Label 'implied vitamins would aid intelligence'
Tuesday 22 September 1992
Larkhall Laboratories faces three charges alleging that the packaging and a leaflet in a product called Tandem IQ gave a false impression about its effectiveness for increasing children's IQs.
The charges, under the 1968 Trade Descriptions Act, were brought in a test case by Shropshire County Council's trading standards department.
Larkhall Laboratories, which is based in London and is believed to be Britain's biggest supplier of so-called 'IQ-improving' vitamin pills, denies the charges.
Robert Spencer, for the prosecution, told a stipendiary magistrate at Shrewsbury: 'Over the past four-and-a-half years a controversy has raged in the medical and scientific world as to whether vitamin and mineral supplementation can increase the IQ of children, and if it can, in what circumstances. That debate continues.'
The prosecution was not suggesting that a court of law was the proper forum to conduct that debate, he said.
But while there was some consensus between the experts on both sides of the debate, it was the prosecution's case that the effect of the company's product labelling was misleading.
This was because the labelling gave the impression that the vast majority of children would increase their IQs by taking the tablets, regardless of their existing state of nourishment.
The magistrate is being asked to rule on a controversy which started several years ago when a psychologist in Swansea found that pupils in South Wales showed remarkable improvements in their non-verbal reasoning after taking a supplement of vitamins and minerals.
During the case, which is expected to last at least a week, some of the world's leading scientists will face one another.
Mr Spencer told the court that the prosecution conceded there could be a small minority of children whose diet was poor who might increase their IQ. But he added: 'It is quite clear that supplementation cannot increase the IQ of children regardless of their existing nutritional status.'
He said the labelling conveyed a simple message that these were IQ-raising tablets. 'Give these to your child and his or her IQ will be raised,' he said.
The packaging was an invitation to parents to buy the tablets not because they were a dietary supplement but because they had some special properties which would raise a child's IQ.
He said the letters 'IQ' on the packaging, with a picture of a girl and boy reading, were intended to convey Intelligence Quotient.
But the manufacturers were 'hedging their bets' and tried to disguise that on the back by stating that IQ meant 'Ideal Quota'.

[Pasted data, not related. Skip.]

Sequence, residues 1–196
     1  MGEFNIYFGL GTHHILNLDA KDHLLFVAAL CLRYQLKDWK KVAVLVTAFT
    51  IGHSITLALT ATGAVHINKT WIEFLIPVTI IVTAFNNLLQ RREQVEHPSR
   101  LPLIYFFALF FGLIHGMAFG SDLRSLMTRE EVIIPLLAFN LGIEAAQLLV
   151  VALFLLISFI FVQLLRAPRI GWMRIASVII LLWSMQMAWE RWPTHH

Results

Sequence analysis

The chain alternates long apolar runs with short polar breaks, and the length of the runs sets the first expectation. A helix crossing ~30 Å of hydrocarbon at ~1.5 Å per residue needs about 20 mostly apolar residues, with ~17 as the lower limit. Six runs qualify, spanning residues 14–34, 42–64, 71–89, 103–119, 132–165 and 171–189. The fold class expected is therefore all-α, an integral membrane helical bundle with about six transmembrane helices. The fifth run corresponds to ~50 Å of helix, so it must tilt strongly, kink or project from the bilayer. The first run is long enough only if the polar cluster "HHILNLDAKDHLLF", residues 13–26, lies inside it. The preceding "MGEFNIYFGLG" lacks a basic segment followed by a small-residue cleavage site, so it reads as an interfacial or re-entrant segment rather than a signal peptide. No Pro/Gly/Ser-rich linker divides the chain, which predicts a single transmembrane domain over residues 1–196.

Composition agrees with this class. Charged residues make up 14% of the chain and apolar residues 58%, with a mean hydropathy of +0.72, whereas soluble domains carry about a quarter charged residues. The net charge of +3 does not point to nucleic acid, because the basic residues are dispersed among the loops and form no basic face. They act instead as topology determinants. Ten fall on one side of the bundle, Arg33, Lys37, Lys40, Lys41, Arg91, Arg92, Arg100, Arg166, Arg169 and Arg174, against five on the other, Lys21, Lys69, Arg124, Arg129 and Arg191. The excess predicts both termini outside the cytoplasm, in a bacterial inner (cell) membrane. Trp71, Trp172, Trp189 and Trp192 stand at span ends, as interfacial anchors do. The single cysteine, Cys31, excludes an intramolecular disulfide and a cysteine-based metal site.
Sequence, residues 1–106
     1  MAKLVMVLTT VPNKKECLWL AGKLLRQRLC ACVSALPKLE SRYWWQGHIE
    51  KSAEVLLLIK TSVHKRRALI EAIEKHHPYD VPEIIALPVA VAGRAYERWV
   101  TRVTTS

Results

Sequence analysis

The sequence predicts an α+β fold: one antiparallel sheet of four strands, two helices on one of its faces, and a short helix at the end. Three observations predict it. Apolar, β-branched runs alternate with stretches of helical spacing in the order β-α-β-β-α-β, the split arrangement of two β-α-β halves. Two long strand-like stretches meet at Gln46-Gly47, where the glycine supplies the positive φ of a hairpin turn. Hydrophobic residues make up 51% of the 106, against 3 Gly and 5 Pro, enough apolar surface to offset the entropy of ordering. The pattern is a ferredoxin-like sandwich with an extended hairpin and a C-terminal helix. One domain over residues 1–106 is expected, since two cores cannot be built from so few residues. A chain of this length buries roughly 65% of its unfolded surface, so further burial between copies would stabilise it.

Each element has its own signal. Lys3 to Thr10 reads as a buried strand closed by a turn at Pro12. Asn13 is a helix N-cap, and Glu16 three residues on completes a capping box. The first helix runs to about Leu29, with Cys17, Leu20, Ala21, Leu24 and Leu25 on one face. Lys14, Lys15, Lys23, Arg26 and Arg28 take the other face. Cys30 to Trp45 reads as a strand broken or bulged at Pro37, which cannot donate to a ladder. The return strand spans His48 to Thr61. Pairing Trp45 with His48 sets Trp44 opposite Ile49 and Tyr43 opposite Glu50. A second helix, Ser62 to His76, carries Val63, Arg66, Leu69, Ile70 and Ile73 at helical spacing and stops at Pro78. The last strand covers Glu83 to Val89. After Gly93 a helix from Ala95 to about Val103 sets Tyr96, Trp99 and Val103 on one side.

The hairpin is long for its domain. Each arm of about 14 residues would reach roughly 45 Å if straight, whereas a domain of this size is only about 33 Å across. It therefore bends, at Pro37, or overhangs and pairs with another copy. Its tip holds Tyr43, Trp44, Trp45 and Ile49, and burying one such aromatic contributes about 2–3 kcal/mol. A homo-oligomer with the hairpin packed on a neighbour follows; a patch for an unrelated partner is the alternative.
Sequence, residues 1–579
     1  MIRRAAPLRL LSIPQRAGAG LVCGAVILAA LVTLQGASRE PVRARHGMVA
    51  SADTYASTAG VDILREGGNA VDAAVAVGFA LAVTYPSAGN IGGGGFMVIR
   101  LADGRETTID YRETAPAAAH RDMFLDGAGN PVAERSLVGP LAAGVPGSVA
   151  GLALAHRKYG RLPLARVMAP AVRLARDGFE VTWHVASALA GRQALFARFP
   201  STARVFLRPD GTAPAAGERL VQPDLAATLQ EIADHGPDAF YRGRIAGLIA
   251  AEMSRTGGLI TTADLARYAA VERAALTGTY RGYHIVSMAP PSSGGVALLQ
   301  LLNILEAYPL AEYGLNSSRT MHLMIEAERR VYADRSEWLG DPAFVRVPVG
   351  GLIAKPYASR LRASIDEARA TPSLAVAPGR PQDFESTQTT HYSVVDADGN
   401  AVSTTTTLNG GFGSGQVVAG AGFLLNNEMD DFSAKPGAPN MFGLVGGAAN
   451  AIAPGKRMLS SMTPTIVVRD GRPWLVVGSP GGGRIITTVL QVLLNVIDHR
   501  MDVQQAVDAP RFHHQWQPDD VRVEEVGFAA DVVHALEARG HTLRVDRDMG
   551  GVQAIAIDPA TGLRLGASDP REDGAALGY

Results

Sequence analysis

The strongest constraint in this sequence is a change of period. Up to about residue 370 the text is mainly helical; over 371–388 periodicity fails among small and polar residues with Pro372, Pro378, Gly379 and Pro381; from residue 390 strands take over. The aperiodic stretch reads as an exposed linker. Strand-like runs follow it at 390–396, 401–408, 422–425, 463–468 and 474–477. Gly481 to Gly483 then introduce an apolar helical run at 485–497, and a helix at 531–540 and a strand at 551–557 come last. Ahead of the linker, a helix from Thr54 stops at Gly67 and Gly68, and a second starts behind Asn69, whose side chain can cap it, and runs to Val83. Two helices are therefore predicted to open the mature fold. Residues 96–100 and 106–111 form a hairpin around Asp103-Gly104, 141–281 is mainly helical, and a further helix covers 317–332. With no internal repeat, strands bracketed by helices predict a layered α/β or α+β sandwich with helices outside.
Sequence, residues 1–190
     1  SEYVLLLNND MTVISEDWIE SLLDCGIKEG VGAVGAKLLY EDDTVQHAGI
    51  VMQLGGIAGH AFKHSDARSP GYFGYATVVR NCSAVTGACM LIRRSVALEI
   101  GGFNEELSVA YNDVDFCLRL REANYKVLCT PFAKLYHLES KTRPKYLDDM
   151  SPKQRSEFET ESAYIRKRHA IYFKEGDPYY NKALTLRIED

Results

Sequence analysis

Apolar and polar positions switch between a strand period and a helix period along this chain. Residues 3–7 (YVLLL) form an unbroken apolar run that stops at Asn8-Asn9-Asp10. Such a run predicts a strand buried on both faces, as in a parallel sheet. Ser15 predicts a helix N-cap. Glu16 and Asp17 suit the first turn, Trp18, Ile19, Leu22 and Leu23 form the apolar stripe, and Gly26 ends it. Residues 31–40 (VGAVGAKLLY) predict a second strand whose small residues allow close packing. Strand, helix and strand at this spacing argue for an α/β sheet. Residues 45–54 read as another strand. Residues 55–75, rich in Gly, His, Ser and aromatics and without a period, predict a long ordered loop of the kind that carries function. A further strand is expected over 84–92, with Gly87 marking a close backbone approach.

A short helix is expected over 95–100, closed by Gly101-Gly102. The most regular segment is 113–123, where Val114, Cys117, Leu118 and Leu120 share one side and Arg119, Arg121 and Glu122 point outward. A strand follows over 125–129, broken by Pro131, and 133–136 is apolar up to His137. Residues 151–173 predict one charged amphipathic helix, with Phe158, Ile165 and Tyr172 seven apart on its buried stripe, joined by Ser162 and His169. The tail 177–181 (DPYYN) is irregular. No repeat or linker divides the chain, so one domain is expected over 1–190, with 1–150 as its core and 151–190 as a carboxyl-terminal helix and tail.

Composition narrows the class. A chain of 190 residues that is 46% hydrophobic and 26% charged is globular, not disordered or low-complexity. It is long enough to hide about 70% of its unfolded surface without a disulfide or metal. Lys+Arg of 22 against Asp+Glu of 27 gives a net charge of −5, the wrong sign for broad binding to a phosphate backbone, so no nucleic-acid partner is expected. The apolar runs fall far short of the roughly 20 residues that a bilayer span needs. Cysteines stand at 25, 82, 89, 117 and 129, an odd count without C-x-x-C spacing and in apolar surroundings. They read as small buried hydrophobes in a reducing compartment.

Dr Michael Nelson, a lecturer in diet and nutrition at King's College, London, told the court he concluded that between 3 per cent and 10 per cent of children deficient in minerals could benefit from taking supplement tablets, but that did not necessarily mean their intelligence would benefit.
It was very unlikely any improvement in intelligence performance could be obtained in normal British children by them taking vitamin supplements.
The hearing continues.
- 2 Rarest Beanie Baby of them all could be sold for £62,500 on eBay
- 3 Professional big game hunter Ian Gibson crushed to death by elephant during hunt
- 4 Farmer told to tear down mock-Tudor castle after hiding construction behind hay bales
Yemen crisis: Meet the child soldiers who have forsaken books for Kalashnikovs
Alan Rickman admits editing 'terrible' script with friends in Pizza Hut behind backs of writers on Robin Hood: Prince of Thieves
Rarest Beanie Baby of them all could be sold for £62,500 on eBay
Professional big game hunter Ian Gibson crushed to death by elephant during hunt
Farmer told to tear down mock-Tudor castle after hiding construction behind hay bales
If I’m being racially abused I don’t need a stranger with a saviour complex to rescue me
The only black face in the Ukip manifesto is on the page about overseas aid
Ukip is the only main political party to not address LGBT rights in its manifesto
Food banks: One million Britons will soon be using them, according to Trussell Trust
Religion isn't growing, it is becoming vigorous in its demise, says philosopher AC Grayling
BBC election debate: The one photo that summed up the whole 90-minute leaders debate
£18000 - £23000 per annum: Recruitment Genius: They work with major vehicle ma...
£16500 per annum: Recruitment Genius: A Chiropractic Assistant is needed in a ...
£18000 - £26000 per annum: Recruitment Genius: They work with major vehicle ma...
£28000 - £30000 per annum: Recruitment Genius: This company provides coaching ...